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Education Reporter

Teachers Union Frantic Over Voucher Decision
NEA to 'tackle' Supreme Court Ruling
WASHINGTON, DC - In a 5-4 decision, the U.S. Supreme Court on June 27 ruled in favor of Cleveland, Ohio's voucher program, which awards $2,500 each to approximately 4,000 poor children to transfer from failing public schools to private schools. The teachers unions and their allies, including the national PTA, immediately denounced the decision as trampling on the First Amendment and endangering the separation of church and state.

Both outgoing NEA President Bob Chase and AFT President Sandra Feldman vowed that their unions would continue the fight against vouchers, and Chase promised the NEA would "tackle" the Supreme Court ruling. "We anticipate voucher proponents will now work on seven to eight states," he warned. "If that happens, NEA is prepared to assist state affiliates in any way we can."

During his keynote address at the NEA's national convention on July 2, Chase called "the voucher crowd's" contention that public education has failed "the big lie." Just seconds earlier, he had described the convention's host city of Dallas as "one of 16 cities nationwide where at least half the high schools have extremely high dropout rates - 50% or worse." He complained that after tax cuts, defense spending and aid to farmers, there is "no new money left for public education and struggling schools," despite the record $26.5 billion authorized for public education by Congress in January under the "No Child Left Behind" Act. (It was $4 billion more than President Bush requested and $8 billion more than the last Clinton education bill.)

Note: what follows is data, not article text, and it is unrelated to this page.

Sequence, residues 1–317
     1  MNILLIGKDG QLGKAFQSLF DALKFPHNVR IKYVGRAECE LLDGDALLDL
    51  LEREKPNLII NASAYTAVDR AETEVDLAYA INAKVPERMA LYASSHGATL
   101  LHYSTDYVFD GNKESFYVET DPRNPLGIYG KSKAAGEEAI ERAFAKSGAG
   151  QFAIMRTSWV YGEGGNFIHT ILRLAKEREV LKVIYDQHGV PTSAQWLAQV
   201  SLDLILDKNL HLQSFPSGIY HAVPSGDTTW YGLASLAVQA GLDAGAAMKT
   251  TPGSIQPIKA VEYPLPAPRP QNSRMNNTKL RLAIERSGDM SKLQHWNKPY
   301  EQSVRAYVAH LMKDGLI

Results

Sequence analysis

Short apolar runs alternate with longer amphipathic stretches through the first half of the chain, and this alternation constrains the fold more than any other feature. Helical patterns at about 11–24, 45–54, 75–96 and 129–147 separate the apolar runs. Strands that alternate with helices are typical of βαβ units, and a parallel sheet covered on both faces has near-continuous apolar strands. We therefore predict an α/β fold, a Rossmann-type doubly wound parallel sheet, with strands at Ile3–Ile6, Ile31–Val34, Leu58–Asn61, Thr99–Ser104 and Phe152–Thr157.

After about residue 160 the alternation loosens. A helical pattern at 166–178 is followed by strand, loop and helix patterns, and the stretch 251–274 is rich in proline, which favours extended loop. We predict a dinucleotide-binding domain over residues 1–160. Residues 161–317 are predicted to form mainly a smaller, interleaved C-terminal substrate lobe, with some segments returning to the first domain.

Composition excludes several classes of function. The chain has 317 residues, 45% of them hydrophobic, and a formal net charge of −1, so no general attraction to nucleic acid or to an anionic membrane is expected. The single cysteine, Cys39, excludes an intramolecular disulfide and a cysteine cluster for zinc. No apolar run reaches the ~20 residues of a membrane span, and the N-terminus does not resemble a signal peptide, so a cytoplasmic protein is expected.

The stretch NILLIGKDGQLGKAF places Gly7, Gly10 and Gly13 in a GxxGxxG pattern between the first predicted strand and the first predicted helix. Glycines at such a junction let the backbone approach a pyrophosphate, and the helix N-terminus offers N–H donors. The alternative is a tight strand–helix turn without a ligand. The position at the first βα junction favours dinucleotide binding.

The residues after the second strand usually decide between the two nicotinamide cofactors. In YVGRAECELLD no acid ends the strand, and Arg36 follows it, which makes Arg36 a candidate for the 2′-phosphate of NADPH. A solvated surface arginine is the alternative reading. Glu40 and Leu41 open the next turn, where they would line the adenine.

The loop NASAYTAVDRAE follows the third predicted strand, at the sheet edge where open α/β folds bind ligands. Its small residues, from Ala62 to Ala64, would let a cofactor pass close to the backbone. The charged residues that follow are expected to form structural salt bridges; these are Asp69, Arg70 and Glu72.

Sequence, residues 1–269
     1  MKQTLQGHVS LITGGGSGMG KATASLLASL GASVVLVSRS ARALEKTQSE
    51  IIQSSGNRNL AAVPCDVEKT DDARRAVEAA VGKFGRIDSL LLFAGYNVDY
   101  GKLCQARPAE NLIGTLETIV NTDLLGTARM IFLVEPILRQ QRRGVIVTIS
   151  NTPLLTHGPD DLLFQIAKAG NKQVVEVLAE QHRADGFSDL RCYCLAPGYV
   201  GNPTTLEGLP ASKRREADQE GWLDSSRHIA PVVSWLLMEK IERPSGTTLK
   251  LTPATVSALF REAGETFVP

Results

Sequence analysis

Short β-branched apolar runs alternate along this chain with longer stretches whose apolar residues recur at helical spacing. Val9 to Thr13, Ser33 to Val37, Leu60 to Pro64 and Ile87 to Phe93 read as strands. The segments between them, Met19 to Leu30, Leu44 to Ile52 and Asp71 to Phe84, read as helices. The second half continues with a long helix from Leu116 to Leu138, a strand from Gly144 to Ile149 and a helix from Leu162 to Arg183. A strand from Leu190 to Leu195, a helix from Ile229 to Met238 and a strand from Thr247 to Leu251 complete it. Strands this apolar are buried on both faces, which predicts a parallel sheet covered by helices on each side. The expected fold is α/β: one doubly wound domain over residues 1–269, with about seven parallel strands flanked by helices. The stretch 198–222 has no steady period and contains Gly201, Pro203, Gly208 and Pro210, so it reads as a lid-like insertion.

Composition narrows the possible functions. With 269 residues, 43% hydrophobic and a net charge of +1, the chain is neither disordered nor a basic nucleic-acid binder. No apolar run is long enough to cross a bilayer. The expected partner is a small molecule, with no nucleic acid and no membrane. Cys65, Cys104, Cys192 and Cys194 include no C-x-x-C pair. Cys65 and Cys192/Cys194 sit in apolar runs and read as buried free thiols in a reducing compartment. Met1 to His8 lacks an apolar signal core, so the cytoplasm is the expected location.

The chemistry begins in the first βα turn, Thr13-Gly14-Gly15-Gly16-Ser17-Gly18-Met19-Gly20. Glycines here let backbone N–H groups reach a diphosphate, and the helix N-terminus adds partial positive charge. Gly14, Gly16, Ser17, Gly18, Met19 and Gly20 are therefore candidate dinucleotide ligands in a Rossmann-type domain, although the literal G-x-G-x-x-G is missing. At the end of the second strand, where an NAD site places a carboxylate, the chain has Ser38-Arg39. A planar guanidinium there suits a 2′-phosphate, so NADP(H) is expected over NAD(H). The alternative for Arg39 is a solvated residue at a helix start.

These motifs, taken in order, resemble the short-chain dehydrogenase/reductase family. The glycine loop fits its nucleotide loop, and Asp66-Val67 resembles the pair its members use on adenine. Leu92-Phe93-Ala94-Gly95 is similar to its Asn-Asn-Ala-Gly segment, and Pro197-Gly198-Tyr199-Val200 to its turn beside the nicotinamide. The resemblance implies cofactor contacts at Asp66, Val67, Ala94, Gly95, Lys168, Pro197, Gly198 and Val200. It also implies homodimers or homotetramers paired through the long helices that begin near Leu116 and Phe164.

Incoming NEA President Reg Weaver parroted the union hard line on vouchers when he addressed the convention on July 5, asking "what steps are we going to take to diminish the negative impact of what, to many, will be perceived as a great gift, and that is vouchers?"

Cleveland parents who have seized vouchers as lifelines for their children may well consider them "a great gift." "The parents of these children are among the happiest people in the world today," opined nationally syndicated radio host and columnist Neal Boortz on June 28. "Their children aren't going to be yanked from their private schools and forced back into the black hole of government education from which no knowledge can escape."

NEA attorney Robert Chanin, who argued against vouchers before the Supreme Court, admitted that "this legal challenge was never our first line of defense. The First Amendment argument was a means to an end. . . . Voucher programs will only worsen whatever people might think is wrong with public education."

Some voucher supporters called the ruling a "landmark" decision. Others speculated that it might be the most important education decision since school prayer was banned by Engel v. Vitale in 1962. "The Supreme Court upheld the Cleveland school option plan as 'a program of true private choice,' even though the majority of voucher-using parents chose religiously affiliated schools," noted constitutional lawyer and Eagle Forum President Phyllis Schlafly.

Mrs. Schlafly observed that "in watching the tantrums indulged in" by the teachers unions and other voucher opponents, "their principal argument is not First Amendment but financial. They are squealing because school choice plans divert a tiny fraction of public funds to private schools 'that are not accountable to the public.' Public schools are currently accountable only to the political bureaucracy that the unions control. Private schools are accountable to the parents who pay the tuition and can withdraw their children if the schooling isn't satisfactory."

As Neal Boortz pointed out, "parents are going to demand of their state legislators the opportunity to use the money that has been taken from them in the form of school taxes for the actual education of their children, not just the lining of teachers union pockets. The unions know that this ruling is going to open a floodgate of voucher legislation."

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